This was an interesting one. I’ve been playing Echo Bazaar for a long while now, and I’m always interested to know what Failbetter’s next project is. Last year, they released The Night Circus as a promotional game for the book of the same name. The game is filled with snippets from the book, and it wasn’t long before I fell in love with the magical world of Les Cirque Des Reves and the wonders of the circus.
When the book itself came out, I had to buy a copy. I didn’t get it immediately due to budget constraints, but when I did, I didn’t regret it. The book itself is gorgeous, emphasising the black and white themes of the story itself with crisp white pages edged in black, and a splash of red on the cover and the ribbon bookmark.
But enough about how I fell in love with the outside of the book.
The Night Circus tells an enchanting tale of a mysterious circus. It shows up unannounced, moving between towns without rhyme, reason or apparent schedule. Everything within the circus is black and white except for the patrons and the performers themselves. The circus is full of wonder, each tent revealing a new delight; impossible dreams made into reality.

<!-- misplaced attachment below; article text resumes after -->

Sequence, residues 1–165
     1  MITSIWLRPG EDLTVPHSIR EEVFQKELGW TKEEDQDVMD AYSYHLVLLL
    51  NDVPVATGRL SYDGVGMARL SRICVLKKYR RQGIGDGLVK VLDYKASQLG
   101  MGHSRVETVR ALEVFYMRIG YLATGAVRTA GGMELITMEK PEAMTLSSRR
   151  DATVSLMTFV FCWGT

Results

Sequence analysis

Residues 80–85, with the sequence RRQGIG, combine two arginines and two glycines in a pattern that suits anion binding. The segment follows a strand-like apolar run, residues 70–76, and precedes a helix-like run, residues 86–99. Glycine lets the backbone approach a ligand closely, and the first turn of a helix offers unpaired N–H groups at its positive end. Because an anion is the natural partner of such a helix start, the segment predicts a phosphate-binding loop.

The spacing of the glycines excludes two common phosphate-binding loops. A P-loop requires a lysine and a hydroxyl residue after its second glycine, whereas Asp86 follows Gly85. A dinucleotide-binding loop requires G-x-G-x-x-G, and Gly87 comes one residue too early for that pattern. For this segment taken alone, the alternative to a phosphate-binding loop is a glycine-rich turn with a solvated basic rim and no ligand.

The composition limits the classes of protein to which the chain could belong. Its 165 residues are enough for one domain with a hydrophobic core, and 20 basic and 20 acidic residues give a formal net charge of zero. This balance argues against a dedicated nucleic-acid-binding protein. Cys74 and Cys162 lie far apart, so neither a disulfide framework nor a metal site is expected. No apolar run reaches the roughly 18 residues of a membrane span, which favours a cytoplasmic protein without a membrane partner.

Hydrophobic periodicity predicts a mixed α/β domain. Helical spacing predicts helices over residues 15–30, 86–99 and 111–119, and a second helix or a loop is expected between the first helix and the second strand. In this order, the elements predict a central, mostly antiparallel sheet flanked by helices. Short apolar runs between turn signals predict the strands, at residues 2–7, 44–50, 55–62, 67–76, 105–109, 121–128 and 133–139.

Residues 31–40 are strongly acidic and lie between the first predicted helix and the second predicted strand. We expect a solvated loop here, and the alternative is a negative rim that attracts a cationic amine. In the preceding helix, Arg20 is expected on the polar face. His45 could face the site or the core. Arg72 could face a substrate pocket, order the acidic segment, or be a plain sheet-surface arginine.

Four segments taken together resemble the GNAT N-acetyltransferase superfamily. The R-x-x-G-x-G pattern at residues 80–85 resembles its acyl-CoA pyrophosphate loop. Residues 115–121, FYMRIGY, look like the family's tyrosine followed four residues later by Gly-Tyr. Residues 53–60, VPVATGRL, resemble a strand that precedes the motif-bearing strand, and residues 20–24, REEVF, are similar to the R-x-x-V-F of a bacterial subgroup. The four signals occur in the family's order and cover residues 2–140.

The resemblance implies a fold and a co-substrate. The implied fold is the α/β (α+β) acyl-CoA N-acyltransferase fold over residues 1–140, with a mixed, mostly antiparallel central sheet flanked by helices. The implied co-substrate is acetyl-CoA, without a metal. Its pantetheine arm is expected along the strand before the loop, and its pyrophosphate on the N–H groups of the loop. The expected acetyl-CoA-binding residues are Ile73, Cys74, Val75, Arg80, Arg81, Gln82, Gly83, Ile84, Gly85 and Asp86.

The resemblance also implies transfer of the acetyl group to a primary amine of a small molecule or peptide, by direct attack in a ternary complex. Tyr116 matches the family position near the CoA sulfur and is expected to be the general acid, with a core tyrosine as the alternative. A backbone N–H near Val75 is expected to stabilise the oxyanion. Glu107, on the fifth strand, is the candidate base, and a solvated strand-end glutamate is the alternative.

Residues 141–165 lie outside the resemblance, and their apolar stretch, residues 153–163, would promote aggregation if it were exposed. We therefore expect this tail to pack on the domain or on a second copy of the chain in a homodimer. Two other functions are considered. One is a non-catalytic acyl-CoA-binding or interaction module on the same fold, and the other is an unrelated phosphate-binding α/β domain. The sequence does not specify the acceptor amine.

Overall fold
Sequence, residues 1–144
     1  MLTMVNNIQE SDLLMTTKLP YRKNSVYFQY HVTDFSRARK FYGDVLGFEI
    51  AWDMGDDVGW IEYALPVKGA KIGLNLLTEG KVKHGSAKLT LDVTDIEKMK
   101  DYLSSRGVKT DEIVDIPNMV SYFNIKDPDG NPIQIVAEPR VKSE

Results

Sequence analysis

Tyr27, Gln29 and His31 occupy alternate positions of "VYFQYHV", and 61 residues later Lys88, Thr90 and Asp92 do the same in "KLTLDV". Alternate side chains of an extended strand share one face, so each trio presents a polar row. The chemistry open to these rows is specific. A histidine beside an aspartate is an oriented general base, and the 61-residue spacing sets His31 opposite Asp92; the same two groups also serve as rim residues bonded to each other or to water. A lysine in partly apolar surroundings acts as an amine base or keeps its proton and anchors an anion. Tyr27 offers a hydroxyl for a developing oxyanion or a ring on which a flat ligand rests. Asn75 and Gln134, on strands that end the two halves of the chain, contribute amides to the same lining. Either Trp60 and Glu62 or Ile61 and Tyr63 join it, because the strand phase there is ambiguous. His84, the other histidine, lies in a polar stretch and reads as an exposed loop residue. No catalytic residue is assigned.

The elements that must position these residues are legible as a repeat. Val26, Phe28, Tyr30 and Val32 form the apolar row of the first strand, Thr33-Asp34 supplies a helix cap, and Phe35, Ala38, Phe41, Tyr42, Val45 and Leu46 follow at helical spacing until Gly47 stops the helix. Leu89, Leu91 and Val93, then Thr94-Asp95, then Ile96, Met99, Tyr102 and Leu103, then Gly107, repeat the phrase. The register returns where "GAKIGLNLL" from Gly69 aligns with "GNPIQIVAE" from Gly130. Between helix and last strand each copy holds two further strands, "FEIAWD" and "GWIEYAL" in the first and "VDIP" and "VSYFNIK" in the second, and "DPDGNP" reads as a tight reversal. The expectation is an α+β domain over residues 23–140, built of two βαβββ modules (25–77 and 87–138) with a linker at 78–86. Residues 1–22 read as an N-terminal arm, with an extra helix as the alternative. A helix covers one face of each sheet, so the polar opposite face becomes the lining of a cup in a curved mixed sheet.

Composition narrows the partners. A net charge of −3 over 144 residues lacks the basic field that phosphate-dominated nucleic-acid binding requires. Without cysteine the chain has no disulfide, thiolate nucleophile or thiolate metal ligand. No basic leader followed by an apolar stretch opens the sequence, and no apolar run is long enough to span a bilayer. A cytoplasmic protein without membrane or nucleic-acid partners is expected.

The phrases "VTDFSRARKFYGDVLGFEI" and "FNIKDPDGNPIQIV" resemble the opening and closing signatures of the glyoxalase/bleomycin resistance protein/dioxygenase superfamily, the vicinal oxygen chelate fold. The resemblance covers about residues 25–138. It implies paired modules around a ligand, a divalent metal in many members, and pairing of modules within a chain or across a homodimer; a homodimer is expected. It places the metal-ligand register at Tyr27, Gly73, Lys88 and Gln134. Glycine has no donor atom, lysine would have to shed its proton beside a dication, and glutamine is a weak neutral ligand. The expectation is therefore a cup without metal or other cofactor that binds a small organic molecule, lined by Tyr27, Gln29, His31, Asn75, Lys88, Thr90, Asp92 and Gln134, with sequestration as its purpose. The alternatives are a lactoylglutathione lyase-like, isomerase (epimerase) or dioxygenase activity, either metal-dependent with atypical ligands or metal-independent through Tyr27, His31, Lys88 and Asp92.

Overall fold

Of course, it’s not just about the circus. A pair of long-lived rivals (one hesitates to call them magicians) have made another wager. Their new apprentices, trained in each other’s art and set against each other in a unique setting – The Night Circus. Created solely as a venue for the contest, the circus brings the two apprentices together as they begin to court each other by making new wonders in the circus for the other to admire. Rather than working against each other, they begin to work together and eventually manage to find a way to escape their fated end and secure the continuance of the circus once their contest is done.
I loved the story from the moment I started playing the game, and could barely put down the book once I had it. It was one of the most curious experiences I’ve ever had while reading: I simultaneously couldn’t wait to get to the next bit and find out what happened, but also couldn’t bear to miss something by reading too quickly.
In conclusion, I highly recommend the book, and I challenge you not to fall in love with it.